UAE considering clemency request for British academic sentenced to life in prison for spying
- UAE envoy says Matthew Hedges was convicted based on compelling evidence
The family of a British academic who was convicted of spying in the United Arab Emirates has appealed for clemency, the country’s ambassador to the United Kingdom has said.
Sulaiman Hamid Almazroui told a press conference in London on Friday that his government was considering the appeal and would respond in due course but he defended the process under which Matthew Hedges was convicted.
He said the espionage case against the 31-year-old Hedges “was an extremely serious case” and that he had been convicted based on “compelling evidence” after a full and fair judicial process.
“The crimes Mr Hedges was accused of are extremely serious. For the UAE, like all countries, protecting our national security must be our first priority,” he said.
The ambassador denied claims that Hedges received only a brief court hearing before being convicted on very serious charges and said the British academic had proper legal representation in court.
The jailing of the Durham University PhD student sparked a public outcry this week, with the Gulf state being accused of a miscarriage of justice.
Hedges’ wife, Daniela Tejada, had said she believed the UK government had been putting its interests above her husband’s fight for freedom.
She said had spoken to her husband on Thursday night and he had complained of feeling unwell.
She accused the government of “stepping on eggshells instead of taking a firm stance”, saying her husband’s case was only taken seriously when he was released on bail last month after months spent in solitary confinement.
Hedges, originally from Exeter, was arrested at Dubai airport on 5 May. He says he is innocent and was in the country conducting research on the UAE’s security strategy for his PhD thesis, but prosecutors claimed he confessed to charges.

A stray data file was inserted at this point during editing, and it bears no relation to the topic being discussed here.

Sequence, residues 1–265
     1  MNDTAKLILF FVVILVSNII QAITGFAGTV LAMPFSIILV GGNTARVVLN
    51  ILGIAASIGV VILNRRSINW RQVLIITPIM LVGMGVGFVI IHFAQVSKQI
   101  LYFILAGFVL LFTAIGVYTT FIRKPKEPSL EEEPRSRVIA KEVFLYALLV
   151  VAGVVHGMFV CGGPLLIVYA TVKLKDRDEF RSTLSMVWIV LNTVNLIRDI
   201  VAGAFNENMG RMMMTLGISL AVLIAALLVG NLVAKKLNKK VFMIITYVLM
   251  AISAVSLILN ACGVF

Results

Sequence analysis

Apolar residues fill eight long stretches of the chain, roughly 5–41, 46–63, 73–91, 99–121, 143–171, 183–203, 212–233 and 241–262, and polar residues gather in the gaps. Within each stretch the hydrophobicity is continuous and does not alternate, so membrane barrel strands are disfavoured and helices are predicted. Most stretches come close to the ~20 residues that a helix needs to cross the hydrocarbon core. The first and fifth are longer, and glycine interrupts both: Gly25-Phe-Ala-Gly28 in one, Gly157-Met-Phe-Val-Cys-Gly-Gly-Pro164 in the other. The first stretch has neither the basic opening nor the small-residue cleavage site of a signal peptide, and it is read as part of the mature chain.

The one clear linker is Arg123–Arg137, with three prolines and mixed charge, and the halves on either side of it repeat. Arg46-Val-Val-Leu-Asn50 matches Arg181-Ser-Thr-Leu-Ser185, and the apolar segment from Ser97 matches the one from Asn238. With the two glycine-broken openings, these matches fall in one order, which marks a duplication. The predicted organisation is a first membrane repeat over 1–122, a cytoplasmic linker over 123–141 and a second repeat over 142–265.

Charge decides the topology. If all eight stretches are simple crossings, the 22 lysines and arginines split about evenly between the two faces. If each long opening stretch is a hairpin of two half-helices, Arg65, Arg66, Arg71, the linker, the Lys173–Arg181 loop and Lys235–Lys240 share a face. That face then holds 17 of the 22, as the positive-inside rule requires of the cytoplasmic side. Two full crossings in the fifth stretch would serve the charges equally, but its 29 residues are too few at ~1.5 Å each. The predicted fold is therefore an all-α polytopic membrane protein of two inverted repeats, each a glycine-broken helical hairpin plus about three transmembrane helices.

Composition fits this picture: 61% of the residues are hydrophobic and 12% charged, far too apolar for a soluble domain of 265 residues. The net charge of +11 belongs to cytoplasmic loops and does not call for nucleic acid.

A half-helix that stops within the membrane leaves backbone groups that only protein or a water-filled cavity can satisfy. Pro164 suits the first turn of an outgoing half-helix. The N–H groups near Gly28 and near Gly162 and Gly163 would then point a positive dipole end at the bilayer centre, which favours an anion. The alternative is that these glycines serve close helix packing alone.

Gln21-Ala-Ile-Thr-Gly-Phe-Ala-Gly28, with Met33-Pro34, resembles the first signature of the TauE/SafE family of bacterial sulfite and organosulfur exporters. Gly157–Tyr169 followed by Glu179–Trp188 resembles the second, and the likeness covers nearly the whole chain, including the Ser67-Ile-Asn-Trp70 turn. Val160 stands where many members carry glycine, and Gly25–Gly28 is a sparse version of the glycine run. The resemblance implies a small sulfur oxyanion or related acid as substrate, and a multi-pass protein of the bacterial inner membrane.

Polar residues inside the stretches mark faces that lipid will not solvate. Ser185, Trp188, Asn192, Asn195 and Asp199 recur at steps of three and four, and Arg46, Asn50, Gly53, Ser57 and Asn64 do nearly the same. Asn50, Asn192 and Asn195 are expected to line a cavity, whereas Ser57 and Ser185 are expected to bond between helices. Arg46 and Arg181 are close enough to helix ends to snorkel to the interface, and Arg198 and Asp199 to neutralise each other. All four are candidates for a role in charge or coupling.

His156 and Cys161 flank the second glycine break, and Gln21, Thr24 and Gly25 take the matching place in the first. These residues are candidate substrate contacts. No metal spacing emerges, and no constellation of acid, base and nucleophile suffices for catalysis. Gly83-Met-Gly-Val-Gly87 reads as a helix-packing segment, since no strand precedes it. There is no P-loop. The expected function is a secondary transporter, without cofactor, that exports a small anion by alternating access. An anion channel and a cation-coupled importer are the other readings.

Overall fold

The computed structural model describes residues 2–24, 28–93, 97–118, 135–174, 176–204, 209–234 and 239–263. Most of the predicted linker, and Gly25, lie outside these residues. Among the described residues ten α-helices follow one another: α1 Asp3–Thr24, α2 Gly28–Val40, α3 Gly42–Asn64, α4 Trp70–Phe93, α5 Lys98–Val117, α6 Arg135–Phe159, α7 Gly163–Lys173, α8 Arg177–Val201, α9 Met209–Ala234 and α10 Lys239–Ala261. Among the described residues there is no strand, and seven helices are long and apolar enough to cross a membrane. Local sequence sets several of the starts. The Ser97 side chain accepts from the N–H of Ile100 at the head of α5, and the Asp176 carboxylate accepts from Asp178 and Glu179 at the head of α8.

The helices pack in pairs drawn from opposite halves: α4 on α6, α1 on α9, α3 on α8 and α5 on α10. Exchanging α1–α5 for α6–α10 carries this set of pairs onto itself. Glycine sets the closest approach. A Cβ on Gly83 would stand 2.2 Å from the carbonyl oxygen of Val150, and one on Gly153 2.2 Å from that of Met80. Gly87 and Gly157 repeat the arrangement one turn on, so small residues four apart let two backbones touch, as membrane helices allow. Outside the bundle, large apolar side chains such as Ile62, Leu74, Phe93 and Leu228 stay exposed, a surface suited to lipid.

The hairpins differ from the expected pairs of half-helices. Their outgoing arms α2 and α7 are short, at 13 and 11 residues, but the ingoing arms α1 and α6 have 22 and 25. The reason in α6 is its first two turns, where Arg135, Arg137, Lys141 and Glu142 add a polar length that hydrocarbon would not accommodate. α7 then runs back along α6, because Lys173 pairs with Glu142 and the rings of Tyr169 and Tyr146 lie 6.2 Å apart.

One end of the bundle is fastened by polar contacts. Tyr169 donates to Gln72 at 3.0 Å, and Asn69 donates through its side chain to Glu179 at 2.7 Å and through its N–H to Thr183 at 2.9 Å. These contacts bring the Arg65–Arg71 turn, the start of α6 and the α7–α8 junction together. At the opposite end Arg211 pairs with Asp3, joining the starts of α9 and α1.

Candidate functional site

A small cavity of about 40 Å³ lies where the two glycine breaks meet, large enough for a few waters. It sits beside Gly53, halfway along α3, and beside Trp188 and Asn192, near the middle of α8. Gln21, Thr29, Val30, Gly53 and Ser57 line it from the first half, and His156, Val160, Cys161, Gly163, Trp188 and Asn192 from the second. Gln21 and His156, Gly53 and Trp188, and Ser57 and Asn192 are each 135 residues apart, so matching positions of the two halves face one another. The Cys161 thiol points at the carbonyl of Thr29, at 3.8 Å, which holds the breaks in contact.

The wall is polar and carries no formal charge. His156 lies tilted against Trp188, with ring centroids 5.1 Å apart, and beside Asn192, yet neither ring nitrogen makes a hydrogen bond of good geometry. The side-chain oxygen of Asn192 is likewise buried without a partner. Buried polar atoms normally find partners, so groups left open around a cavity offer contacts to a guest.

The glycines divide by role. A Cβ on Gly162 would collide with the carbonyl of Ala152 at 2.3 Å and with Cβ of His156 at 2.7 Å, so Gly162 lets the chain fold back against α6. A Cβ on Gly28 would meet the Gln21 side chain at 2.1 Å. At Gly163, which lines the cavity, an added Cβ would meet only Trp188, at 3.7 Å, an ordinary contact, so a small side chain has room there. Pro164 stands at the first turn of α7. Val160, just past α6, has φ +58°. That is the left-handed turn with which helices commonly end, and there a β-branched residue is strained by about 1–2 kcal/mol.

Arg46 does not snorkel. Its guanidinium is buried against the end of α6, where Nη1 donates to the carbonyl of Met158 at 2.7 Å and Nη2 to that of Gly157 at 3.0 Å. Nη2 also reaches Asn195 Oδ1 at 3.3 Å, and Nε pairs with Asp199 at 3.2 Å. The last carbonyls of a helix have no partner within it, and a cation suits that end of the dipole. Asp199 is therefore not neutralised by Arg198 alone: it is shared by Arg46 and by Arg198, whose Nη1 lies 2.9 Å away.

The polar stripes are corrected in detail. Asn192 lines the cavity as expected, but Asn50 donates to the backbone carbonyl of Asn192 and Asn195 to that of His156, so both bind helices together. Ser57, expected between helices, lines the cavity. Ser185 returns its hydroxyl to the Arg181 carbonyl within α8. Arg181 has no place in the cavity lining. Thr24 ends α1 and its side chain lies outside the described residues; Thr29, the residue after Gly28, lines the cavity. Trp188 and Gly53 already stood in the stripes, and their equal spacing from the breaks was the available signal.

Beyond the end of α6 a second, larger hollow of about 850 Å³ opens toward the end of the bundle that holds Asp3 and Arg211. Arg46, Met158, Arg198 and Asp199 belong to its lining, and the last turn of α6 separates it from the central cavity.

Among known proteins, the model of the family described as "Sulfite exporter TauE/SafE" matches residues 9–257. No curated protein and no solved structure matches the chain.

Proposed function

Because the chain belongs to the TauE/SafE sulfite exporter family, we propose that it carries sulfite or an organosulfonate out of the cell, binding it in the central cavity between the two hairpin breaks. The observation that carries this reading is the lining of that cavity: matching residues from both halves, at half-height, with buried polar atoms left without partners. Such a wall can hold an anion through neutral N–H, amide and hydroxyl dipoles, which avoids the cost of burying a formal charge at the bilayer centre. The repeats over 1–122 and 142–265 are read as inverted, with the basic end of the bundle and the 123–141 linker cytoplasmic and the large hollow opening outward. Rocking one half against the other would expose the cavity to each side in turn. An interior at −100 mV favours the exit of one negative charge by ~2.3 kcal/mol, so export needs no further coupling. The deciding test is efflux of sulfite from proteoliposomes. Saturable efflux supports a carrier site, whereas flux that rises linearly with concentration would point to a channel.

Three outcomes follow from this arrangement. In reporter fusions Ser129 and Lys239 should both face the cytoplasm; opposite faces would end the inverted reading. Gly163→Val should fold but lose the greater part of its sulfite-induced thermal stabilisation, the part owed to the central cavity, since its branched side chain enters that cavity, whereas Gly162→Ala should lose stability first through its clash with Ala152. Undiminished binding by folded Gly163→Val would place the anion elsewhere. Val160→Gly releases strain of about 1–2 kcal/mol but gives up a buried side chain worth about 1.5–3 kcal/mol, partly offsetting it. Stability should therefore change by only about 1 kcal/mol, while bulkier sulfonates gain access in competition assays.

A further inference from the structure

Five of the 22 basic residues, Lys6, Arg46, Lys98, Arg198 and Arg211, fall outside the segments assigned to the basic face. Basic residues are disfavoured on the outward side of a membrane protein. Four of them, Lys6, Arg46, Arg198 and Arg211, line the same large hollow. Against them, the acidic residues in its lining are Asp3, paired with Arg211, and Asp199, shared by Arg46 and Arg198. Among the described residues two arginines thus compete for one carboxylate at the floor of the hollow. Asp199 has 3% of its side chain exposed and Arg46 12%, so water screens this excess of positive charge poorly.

Tejada told BBC Breakfast her conversations with her husband had been very closely monitored so there was a limit to what she could tell him of the efforts to secure his release.
“I tried to reassure him and to tell him that he had 10 times as much support as before,” Tejada said.
Hedges has been in a UAE prison for more than six months. He went to the UAE to research his thesis and was sentenced at a court in Abu Dhabi on Wednesday in a hearing that lasted less than five minutes, with no lawyer present.
His wife, who was in the courtroom, said Hedges began shaking when the verdict was read out.
The UAE has since said it wants to reach an amicable conclusion to the dispute.
The apparent change in tone, which was viewed as a possible precursor to an act of clemency, came after the British foreign secretary, Jeremy Hunt, warned of serious diplomatic consequences if Hedges were not released, and followed a torrent of cross-party criticism in the UK accusing the UAE courts of a miscarriage of justice.
Consultations took place overnight in the UAE with the foreign minister, Sheikh Abdullah bin Zayed al-Nahyan.
Academics have said Hedges may have inadvertently put himself at risk by his “sharp analysis” of the UAE’s shifting security politics. The country presents itself as a modernising, socially liberal force in the Gulf, but dissent is repressed.
On Thursday, Tejada said she wanted Hunt to do whatever it took to bring her husband home. She said it was absurd that the UAE had found Hedges guilty of spying on an ally of Britain, and accused the Foreign Office of refusing to take the case seriously at the outset.
Tejada said the Foreign Office had repeatedly told her it had no duty of care for Hedges. “I was under the impression that they were putting their interests with the UAE above a British citizen’s right to freedom and a fair trial. They were treading on eggshells,” she said.
But in a later statement issued after her meeting with Hunt, she toned down her criticism, saying: “[Hunt] has assured me that he and his team are doing everything in their power to get Matt free and return him home to me. This is not a fight I can win alone and I thank the Foreign Office for now standing up for one of their citizens.”
With additional reporting by Associated Press